2. For a web page to be accessible it must be possible for a user to interact with the page using only the keyboard. The keyboard as a replacement for the mouse is absolutely essential for some people with disabilities. Blind users can’t use a mouse because manipulating the mouse is a visual activity of moving the mouse pointer from one visual spot on the page to another. With other disabilities, especially some kinds of mobility impairments, Web surfers may be incapable of the hand-eye coordination required to manipulate the mouse pointer.
  1. As I explained above, I went through a process of purchasing an item on After finding the item and adding it to my shopping cart there is a screen containing a “Continue Checkout” button that I talked about above. A screen shot of the page where the “Continue Checkout” button appears is attached hereto as Exhibit G.
  2. The next step in the purchase process is to “press” the “Continue Checkout” button. But it is impossible to do that using the keyboard. It is necessary to use the mouse and click on the “Continue Checkout” button in order to proceed. This is the only place where I found that mouse activation was required and activation by the keyboard did not work. But it is an absolutely critically place! This is an essential step in making a purchase on and it cannot be completed by any person who cannot use the mouse.
  3. I concluded that it is impossible for a blind person using the keyboard to complete a purchase on using the standard sequence of screens for such a purchase.
  4. On April 6, 2006, when teaching a class on web accessibility at the California Web Accessibility Conference, I discovered that the barrier caused by the “Continue Checkout” button on the website of the Target Corporation had been removed. It is now possible to activate that button from the keyboard and complete a purchase without using the mouse. This was not possible in my tests prior to April 6, 2006. All other barriers on the website of the Target Corporation remain as discussed here.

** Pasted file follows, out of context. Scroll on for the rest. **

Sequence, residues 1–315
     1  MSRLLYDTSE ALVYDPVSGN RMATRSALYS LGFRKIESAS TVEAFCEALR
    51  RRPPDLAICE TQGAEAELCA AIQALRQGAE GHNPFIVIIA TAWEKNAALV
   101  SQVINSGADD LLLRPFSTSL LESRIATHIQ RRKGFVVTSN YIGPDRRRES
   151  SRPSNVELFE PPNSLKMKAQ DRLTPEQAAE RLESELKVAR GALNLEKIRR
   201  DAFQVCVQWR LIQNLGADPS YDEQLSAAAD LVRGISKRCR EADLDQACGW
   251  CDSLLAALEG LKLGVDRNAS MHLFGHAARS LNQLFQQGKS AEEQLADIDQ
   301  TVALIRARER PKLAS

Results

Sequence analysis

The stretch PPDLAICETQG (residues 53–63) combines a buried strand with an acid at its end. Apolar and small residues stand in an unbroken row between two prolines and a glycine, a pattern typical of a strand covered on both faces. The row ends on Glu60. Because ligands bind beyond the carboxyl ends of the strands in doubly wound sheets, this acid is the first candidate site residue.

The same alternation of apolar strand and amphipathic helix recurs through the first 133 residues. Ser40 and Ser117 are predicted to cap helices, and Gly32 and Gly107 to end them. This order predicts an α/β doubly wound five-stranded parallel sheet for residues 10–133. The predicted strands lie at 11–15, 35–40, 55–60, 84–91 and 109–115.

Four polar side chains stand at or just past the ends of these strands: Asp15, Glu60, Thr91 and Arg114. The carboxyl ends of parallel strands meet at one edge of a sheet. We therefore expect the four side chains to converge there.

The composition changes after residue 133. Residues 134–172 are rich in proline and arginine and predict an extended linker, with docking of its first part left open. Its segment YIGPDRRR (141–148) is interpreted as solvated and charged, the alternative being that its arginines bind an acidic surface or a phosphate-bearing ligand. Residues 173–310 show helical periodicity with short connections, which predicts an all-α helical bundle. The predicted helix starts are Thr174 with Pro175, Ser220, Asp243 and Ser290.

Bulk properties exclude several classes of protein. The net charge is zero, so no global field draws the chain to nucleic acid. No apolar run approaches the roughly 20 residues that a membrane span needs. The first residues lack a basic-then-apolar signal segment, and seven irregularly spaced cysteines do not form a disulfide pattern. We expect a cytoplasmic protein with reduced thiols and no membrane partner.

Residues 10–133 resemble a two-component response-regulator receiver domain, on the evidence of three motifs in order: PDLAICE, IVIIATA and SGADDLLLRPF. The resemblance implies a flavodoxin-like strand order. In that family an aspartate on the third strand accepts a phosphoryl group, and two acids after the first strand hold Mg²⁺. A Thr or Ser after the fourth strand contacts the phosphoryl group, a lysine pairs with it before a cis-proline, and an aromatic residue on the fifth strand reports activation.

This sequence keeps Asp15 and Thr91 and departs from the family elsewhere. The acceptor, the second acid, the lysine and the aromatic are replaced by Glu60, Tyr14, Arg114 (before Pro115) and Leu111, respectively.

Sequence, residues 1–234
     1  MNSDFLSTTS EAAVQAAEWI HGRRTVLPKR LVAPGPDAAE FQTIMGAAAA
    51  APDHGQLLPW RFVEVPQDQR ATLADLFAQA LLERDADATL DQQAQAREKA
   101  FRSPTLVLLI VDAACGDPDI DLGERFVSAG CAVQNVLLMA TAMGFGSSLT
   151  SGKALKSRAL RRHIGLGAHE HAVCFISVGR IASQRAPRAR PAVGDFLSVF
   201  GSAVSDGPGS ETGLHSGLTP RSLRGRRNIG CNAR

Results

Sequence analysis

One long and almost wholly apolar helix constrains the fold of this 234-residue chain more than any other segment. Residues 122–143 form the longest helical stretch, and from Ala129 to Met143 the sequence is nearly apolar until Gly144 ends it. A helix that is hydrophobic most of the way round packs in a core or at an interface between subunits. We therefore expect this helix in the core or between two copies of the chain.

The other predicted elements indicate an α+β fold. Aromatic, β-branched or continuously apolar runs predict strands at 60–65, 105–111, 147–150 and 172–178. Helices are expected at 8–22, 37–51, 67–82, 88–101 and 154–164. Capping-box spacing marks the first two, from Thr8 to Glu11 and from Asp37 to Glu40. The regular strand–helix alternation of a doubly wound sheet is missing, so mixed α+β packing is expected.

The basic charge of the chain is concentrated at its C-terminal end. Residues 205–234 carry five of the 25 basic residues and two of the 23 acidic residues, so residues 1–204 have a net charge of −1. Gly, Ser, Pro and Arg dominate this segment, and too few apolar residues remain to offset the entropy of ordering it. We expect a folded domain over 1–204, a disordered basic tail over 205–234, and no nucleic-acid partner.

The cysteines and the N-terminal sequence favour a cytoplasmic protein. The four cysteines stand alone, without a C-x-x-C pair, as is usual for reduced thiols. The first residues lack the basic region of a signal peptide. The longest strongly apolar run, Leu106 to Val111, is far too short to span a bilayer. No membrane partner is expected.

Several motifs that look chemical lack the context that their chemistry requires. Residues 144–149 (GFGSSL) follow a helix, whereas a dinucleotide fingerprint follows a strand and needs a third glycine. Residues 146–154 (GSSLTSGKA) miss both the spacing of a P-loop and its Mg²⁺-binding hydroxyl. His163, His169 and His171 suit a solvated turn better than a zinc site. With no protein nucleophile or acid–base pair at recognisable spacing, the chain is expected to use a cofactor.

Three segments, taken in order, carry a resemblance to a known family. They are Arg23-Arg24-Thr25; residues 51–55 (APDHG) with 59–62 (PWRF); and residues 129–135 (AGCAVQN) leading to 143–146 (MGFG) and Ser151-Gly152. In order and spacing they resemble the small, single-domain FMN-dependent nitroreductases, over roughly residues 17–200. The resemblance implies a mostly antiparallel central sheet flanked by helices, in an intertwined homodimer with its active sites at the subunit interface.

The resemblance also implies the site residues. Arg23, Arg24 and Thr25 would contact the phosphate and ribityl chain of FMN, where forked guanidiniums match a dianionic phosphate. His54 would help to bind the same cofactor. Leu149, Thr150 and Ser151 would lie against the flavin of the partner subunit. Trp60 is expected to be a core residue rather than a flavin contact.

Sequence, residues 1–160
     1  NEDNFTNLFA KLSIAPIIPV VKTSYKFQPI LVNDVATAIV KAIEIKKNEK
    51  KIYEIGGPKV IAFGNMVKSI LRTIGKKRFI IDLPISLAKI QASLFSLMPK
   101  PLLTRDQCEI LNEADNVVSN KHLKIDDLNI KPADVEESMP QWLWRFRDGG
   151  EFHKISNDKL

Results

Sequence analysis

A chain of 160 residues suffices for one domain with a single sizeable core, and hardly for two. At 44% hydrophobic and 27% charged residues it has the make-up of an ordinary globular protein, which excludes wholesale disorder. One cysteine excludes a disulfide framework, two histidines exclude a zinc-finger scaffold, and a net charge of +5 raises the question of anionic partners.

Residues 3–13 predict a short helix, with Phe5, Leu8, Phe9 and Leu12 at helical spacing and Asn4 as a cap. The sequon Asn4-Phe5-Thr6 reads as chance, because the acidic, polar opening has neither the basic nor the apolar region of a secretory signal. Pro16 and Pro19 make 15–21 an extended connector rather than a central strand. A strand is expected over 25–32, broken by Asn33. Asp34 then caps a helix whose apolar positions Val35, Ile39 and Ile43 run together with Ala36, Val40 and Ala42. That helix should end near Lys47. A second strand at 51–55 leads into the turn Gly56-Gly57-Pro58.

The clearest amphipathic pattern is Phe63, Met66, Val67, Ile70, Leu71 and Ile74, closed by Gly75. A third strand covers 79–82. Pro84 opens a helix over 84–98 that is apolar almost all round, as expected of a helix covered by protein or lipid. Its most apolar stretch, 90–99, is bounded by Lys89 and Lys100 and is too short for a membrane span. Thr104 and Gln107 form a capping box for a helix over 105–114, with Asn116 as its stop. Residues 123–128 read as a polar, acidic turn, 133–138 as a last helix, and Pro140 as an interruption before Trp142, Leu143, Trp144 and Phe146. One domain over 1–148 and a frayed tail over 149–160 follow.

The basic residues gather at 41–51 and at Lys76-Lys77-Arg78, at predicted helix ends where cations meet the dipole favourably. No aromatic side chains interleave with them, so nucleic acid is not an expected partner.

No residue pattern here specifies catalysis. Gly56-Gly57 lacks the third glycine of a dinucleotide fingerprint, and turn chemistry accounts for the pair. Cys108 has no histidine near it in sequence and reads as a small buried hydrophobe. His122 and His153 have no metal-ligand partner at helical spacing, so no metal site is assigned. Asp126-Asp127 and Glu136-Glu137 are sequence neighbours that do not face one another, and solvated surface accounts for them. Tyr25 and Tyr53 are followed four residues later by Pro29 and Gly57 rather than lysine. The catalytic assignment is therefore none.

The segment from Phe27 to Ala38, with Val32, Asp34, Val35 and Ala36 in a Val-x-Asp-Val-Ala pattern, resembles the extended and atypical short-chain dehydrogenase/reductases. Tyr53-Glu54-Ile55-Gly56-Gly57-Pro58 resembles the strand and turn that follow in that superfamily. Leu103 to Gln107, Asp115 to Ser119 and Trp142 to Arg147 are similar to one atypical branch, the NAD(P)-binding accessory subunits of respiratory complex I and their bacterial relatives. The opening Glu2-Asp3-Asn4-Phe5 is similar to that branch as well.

47. This issue of navigation is somewhat subtle compared to the other issues I have discussed above. The problem can be illustrated with the page that contains the “Continue Checkout” button that I discussed above shown in the screen shot contained in Exhibit E. If you are not using a mouse the problem of getting to that button is significant because keyboard access proceeds through the page from left to right and from the top to the bottom. In particular there are about 25 navigation links at the top of the page, followed by about 25 more in the shopping options section of the page. All of these precede the “Your Cart” section. That means a blind user must pass through all of these in order to get to the Continue Checkout button.

  1. Using the tab key to navigate through the page will require about 50 key strokes just to get the desired button. This takes a long time, it is confusing and it is distracting. This problem persists on every page that contains those navigation links.
  2. Screen reader users need some technique for skipping over all those links in order to get to the desired part of the screen. The Section 508 Web Accessibility Standards address this issue with the following provision: “§1194.22(o): A method shall be provided that permits users to skip repetitive navigation links.”